As we begin 2021, we wanted to take a look back at the work of the Center for Climate and Security during the past year. Thanks to the dedication of our staff, fellows and Advisory Board, we’ve made significant progress on putting climate security front and center and advancing the recommendations in our Climate Security Plan for America.
We began the year by launching (in person!) two ground-breaking climate security risk reports, the Security Threat Assessment of Climate Change and the International Military Council on Climate and Security’s World Climate and Security Report 2020.
Not long after COVID-19 hit and the world shut down, we highlighted the parallels between US intelligence community warnings on pandemics with its warnings on the security risks of climate change and made recommendations to ensure the US is not caught flat-footed again, underscoring the lessons we can learn from the COVID-19 crisis that are applicable to climate change.
Meanwhile, the US Congress continued to take steps to manage climate security risks–for example in the FY21 National Defense Authorization Act and in the Senate Democrats Special Committee on the Climate Crisis. Our Director spoke before the House Democratic Caucus National Security Task Force about climate change threats to security, following the release of a new report by the House Select Committee on the Climate Crisis. The Department of Defense also took action, launching a new US Army Climate Resilience Handbook among other activities.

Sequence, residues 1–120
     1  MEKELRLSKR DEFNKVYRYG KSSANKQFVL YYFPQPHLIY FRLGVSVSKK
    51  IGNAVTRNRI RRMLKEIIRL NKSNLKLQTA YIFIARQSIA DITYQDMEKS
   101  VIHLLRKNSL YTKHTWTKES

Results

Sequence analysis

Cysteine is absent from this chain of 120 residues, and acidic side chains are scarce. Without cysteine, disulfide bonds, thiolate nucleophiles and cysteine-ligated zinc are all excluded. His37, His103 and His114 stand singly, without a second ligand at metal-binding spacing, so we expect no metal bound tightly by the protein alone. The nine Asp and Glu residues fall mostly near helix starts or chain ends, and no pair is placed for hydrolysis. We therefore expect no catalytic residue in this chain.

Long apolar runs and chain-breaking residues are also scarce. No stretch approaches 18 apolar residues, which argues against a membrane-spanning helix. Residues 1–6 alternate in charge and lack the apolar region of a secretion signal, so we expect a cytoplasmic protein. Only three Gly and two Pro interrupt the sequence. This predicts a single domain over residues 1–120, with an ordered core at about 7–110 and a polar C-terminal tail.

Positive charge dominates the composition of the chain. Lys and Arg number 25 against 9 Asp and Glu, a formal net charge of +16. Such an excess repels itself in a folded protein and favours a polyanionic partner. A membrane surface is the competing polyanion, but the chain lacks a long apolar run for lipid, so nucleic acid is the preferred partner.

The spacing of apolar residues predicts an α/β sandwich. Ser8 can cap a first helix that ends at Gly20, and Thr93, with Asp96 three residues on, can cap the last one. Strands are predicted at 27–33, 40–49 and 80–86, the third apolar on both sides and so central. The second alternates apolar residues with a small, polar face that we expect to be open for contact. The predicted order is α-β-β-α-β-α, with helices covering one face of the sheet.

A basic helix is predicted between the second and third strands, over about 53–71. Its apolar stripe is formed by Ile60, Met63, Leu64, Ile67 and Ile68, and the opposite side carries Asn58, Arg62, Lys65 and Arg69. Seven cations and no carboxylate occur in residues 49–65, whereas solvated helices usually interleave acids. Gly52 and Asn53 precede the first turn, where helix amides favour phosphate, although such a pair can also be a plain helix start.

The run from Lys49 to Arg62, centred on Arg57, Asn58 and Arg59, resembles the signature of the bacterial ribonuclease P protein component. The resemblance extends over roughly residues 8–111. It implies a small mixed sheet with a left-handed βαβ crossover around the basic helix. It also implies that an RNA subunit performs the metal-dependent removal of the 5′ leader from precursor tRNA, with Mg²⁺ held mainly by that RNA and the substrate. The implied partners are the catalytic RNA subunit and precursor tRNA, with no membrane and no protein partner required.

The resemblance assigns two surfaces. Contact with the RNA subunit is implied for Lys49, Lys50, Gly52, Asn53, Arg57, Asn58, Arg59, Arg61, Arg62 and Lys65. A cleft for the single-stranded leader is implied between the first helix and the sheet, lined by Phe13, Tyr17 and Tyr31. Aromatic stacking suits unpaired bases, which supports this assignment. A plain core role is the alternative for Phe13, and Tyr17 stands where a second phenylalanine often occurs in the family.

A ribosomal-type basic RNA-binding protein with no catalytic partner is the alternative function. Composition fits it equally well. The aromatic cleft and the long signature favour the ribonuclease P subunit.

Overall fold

This unprecedented year has underscored the need for new ways of thinking about national security, and how risks intersect and exacerbate one another. To this end, this fall our parent organization, the Council on Strategic Risks, launched a series of videos exploring the links between climate change, nuclear energy, and nuclear weapons. We also highlighted key proposals to manage systemic risks for a new administration, and went in depth for first-of-their-kind reports on climate security in the Indo-Pacific region and Brazil.
Despite the challenges of 2020, we ended the year on a hopeful note for climate security. We evaluated the climate security implications of the Biden-Harris administration’s published climate plan and made recommendations for the way ahead. We followed this with more specific analysis, identifying opportunities for action, bringing together more than 100 people in the climate security community for a panel discussion on how and why leadership matters on this issue, the first pillar of our Climate Security Plan for America. We look forward to building on this strong foundation in 2021, and hope you’ll join us in our important work in the coming year.